N.H. Bishop Says Priest Sex Less Serious If Not With ParishionerDec 24, 2002 | AP Questioned under oath about the church abuse scandal, New Hampshire’s bishop suggested that it is less serious for a priest to have sex with someone from outside the parish than with a parishioner.
"You know, one is an activity where you have a trusted relationship with a parishioner. The other is an activity where you’re away from the parish and you’re off on your own," Bishop John B. McCormack said in depositions obtained by The Associated Press on Monday.
McCormack was discussing the Rev. Roland Cote’s relationship with a youth while he was assigned to St. Patrick’s Church in Newport during the 1980s.
"I’m very concerned about that; he was a young person. But it’s quite different from being with a parishioner," McCormack said.
The depositions, which have not been made public, are in civil lawsuits in Massachusetts.
In them, McCormack also acknowledged Cote paid for the sex during the five- to six-year relationship.
"Was it brought to your attention that Father Cote had paid for sex with this adolescent?" lawyer Robert Sherman asked McCormack in a deposition Oct. 1.
"It was not brought to my attention at the time. I think I learned this later, probably even last week," McCormack said.
Sherman gave no details of the payment and did not say how he learned about it.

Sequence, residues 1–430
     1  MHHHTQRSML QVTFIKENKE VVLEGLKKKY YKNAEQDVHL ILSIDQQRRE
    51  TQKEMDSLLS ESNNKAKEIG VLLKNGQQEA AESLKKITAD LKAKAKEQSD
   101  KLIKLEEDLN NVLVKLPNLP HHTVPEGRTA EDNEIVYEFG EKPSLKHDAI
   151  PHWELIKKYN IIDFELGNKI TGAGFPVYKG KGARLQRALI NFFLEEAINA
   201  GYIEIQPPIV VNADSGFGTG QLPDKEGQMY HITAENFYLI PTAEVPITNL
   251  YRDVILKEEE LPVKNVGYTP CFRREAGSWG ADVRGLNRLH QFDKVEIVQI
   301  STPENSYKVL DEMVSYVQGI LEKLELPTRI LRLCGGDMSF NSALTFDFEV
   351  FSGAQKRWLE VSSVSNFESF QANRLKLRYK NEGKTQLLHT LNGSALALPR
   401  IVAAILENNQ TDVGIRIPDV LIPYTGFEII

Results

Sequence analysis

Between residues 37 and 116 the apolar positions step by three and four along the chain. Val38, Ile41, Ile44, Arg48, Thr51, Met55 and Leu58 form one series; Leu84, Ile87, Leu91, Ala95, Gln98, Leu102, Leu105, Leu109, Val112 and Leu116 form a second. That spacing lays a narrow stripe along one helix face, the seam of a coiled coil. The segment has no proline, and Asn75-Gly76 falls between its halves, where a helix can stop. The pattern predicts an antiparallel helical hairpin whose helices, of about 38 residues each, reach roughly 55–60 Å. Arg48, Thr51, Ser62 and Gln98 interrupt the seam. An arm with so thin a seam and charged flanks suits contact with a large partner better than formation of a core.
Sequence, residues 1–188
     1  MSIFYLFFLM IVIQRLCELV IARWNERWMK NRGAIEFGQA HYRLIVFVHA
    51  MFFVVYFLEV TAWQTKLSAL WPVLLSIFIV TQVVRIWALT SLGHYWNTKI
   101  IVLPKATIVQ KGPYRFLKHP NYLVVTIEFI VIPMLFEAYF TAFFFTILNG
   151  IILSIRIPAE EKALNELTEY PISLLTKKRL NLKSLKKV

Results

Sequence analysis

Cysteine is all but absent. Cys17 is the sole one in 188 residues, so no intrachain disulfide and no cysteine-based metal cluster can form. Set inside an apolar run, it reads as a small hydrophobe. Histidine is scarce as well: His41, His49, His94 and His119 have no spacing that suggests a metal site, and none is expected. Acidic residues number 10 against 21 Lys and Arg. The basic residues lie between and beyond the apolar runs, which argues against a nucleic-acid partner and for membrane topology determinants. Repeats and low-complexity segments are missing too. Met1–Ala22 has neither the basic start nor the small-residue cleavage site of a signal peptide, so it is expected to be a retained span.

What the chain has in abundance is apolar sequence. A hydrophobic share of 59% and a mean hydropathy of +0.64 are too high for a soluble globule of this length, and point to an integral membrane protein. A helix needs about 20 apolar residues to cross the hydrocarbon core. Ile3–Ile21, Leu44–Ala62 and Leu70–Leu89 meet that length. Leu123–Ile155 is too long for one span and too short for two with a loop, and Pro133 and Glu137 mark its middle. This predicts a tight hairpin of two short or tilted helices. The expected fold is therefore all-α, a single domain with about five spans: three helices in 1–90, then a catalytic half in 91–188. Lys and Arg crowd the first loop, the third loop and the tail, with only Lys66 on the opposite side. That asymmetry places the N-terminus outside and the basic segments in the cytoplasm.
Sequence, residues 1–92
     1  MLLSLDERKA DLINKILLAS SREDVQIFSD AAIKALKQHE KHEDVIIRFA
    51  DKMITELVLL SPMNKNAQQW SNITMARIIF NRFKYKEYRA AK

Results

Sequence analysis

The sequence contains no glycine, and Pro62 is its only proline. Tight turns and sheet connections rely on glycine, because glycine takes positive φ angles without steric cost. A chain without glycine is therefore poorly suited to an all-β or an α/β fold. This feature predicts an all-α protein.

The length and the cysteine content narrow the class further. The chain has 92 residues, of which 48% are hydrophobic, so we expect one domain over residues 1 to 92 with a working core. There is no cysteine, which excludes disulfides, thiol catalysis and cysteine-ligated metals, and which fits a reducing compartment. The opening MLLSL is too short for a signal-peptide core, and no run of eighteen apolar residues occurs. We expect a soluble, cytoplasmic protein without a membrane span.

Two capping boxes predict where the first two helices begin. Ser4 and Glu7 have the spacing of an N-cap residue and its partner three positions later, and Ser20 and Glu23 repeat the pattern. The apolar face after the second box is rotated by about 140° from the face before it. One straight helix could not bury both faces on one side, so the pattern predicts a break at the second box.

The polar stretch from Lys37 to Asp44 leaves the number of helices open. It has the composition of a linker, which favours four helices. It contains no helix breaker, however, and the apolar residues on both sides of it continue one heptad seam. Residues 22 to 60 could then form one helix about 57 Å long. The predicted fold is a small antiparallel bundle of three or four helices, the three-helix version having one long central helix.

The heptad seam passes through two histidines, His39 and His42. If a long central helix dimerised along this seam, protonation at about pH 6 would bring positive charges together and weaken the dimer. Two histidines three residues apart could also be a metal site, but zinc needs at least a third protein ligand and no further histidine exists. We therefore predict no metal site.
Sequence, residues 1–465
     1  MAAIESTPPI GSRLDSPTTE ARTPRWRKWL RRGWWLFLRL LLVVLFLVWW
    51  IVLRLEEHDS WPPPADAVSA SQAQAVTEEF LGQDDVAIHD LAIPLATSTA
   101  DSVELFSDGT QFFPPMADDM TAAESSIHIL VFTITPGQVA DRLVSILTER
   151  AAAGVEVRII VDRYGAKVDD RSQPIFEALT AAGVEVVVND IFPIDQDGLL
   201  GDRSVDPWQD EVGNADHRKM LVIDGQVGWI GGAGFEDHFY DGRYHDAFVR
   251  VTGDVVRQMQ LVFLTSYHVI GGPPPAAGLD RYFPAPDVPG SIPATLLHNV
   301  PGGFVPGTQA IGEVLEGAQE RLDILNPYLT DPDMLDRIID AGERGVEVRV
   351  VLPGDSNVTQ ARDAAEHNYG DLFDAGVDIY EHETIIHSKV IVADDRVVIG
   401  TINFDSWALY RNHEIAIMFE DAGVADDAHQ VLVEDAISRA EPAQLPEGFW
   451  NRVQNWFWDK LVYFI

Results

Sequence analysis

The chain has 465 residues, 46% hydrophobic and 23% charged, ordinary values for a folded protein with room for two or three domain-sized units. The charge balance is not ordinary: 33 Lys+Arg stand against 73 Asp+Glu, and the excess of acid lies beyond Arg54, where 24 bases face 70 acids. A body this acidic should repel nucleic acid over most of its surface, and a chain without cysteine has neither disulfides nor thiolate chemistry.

In June, McCormack assigned Cote to another St. Patrick’s, in Jaffrey, without informing the church about Cote’s history. He said he did so because he did not consider Cote a threat.
After the AP reported details of the allegations, Cote acknowledged the affair and resigned last month.
Cote has said the boy was 18 when the relationship began. But prosecutors believed he was either 15 or 16 and conducted a criminal investigation this spring, sources familiar with the case have told the AP. The investigation ended when prosecutors determined the boy was at least 16, New Hampshire’s age of consent, one source said Monday.
The youth’s age is significant partly because the Diocese of Manchester considers anyone under 18 a minor. McCormack has pledged that a single credible allegation of sex with a minor will bar a priest from active service in New Hampshire.
Calls to Cote and the bishop were not immediately returned Monday. McCormack, who became bishop of New Hampshire in 1998, has been dogged for nearly a year by criticism of how he handled allegations of abuse while he was a top aide to Cardinal Bernard Law in Boston. Law’s resignation on Dec. 13 intensified calls for McCormack to step down.
Also this month, McCormack averted unprecedented criminal charges against the New Hampshire diocese in a settlement with the state. As part of the agreement, he acknowledged the church’s handing of abuse allegations had harmed children.
Before being transferred to Jaffrey, Cote served at St. Aloysius of Gonzaga in Nashua.